Recently, a former colleague told me that his company was launching a new product line, and it was in direct competition with our former brand. He wondered how much he should say about the things the former company had done to the brand to diminish it’s authenticity.
My counsel was that he should build his own brand, and leave the negative advertising to politicians. Why? When you launch a new brand, there’s a limited window of time and attention that you’ll get to tell your story. If you spend much of that time trashing competitors, then it doesn’t leave much opportunity to develop your own brand persona. If customers don’t know what your brand stands for, then why should they buy it?
The other complication in my colleague’s launch, was that part of the story was being handled by the retailer who had an exclusive on the brand for a period of time. I had to speak up and remind him that no one else is interested in protecting his brand image more than he and his company. He had to find a way to work with his retailer, but not turn over control of the story to anyone else.
Here are some tips for managing your brand communication during a launch when there are complicating factors:
1) This is your moment. You have to use all public relations, marketing, and communication tools to get out the messages you’ve crafted to your customers. Waiting until all other launch issues are handled means that you’ve missed the news cycle.
2) Take ownership of your own public relations and communications messages. If you have to get another party to approve what you say, then do it; but don’t hand over your brand story to anyone else.
3) Find out what your partner(s) in the launch will be saying about your brand when he/she is interviewed. Hold a meeting or conference call to review what each of you will be telling the public about the launch so that there is no question about who is saying what.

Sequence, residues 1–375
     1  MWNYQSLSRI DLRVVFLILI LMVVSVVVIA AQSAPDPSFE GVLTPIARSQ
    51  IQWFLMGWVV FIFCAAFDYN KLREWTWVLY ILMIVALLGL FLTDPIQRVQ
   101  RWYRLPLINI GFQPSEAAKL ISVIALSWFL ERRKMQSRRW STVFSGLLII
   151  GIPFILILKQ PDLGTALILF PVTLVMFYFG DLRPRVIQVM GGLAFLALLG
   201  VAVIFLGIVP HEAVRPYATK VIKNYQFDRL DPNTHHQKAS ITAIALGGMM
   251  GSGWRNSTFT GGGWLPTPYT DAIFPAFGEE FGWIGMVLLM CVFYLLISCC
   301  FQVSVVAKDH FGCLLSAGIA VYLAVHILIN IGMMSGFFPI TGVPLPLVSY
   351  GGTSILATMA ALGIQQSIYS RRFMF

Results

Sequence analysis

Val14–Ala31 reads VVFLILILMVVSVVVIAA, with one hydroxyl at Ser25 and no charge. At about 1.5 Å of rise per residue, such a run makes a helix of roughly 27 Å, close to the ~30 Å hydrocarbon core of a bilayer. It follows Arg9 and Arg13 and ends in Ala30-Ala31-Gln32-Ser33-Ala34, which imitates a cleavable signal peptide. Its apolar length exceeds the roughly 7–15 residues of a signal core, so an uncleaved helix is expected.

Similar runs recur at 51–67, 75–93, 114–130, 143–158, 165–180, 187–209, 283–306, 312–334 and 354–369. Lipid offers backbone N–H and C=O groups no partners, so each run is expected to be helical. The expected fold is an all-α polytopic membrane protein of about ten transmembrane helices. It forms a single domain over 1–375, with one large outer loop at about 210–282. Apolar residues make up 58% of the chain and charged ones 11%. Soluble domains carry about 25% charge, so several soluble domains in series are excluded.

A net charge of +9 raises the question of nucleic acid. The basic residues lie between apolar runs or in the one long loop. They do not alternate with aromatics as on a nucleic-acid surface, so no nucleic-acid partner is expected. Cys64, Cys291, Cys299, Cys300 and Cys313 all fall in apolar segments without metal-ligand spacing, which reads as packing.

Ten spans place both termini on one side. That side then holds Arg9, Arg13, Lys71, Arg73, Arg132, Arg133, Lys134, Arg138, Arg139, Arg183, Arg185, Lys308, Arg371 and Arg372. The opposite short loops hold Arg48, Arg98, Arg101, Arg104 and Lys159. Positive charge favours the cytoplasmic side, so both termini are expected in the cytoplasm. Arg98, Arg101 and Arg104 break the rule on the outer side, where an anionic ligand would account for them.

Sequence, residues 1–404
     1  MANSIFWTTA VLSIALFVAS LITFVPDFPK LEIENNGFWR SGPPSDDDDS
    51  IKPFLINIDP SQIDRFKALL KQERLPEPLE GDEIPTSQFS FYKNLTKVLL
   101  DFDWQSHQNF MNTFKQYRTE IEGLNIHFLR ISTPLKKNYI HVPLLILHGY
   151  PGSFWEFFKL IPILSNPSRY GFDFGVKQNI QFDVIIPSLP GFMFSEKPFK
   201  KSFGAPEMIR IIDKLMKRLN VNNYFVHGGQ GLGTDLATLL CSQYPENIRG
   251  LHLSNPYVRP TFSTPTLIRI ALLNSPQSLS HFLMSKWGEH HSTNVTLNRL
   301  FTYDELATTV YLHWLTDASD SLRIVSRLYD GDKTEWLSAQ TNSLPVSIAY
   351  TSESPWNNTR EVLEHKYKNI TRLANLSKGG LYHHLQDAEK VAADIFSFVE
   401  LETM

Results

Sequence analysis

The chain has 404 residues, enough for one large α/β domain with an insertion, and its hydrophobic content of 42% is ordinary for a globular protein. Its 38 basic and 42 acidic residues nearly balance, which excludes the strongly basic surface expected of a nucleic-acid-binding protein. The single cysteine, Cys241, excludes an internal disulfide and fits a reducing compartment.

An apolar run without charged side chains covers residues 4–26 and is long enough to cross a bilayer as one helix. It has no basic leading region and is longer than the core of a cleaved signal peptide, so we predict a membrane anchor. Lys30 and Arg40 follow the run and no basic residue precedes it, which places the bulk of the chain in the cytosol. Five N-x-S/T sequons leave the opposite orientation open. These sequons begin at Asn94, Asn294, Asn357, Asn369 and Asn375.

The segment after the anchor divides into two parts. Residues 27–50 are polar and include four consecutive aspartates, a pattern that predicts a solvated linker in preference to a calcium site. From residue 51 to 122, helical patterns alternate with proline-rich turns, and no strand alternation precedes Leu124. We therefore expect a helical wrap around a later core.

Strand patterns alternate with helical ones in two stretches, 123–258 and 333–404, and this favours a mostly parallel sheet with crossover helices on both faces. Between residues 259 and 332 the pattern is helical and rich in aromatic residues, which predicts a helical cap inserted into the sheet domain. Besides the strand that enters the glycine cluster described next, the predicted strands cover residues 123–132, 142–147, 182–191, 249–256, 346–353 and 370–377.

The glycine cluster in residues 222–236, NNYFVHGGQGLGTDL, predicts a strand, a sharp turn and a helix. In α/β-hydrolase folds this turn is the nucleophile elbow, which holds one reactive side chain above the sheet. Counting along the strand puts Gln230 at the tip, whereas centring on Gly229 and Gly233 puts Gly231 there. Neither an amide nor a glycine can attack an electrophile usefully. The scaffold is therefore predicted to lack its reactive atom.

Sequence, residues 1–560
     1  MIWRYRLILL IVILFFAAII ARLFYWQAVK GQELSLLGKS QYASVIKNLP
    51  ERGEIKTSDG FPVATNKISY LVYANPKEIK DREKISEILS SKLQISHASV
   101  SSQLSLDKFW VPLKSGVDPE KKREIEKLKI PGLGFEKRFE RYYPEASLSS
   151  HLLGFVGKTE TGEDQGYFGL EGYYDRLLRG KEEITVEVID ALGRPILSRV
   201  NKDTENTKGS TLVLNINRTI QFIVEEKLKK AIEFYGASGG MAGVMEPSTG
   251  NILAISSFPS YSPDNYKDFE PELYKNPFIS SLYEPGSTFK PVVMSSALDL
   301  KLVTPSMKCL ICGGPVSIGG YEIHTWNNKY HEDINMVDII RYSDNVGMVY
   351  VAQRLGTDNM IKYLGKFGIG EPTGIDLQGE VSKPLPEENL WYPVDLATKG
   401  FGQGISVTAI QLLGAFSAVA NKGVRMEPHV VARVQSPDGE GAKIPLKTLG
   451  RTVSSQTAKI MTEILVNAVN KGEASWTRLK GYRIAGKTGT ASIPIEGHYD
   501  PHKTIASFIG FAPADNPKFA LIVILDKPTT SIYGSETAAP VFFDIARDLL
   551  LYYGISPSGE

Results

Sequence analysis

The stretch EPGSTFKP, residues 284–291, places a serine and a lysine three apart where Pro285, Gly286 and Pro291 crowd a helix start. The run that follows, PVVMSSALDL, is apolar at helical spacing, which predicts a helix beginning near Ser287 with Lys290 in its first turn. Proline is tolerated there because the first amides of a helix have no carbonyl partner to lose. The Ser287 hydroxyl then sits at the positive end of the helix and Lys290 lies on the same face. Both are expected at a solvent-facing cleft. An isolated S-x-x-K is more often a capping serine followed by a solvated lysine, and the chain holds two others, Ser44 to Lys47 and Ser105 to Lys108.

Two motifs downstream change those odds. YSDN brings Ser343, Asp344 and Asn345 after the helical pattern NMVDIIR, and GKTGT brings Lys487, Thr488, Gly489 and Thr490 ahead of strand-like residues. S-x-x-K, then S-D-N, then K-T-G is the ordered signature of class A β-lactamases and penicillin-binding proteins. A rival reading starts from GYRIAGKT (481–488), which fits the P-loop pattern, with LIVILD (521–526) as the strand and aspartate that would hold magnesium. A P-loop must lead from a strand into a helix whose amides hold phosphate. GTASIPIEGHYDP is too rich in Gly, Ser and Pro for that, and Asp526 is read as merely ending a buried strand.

4) Don’t miss giving an exclusive. Whether it’s an established media outlet or a key online opportunity, you should always try and negotiate a national and a local exclusive. National news outlets really don’t like being scooped by a hometown paper, and definitely won’t give you coverage if the local reporter manages to get the story picked up by other news leaders.
5) Develop your key messages ahead of the brand launch and practice answering difficult questions. Trying to improvise answers when reporters call is not a reliable strategy.
6) Dissemminate the same key messages to your customer service department, the CEO of the company and anyone else who might get a phone call on the topic. You don’t want to have a reporter call your customer service line and get an extemporaneous view of the sensitive issues.
7) If you don’t have the expertise for planning and managing the commuication of the brand during your launch, hire an experienced, well-connected p.r. person who can. You’ll never regret hiring reinforcements–but probably will kick yourself later if you don’t.
And keep reminding yourself, if you can’t say anything nice about a competitor, say nice things about your own brand, and let the customer decide who’s best.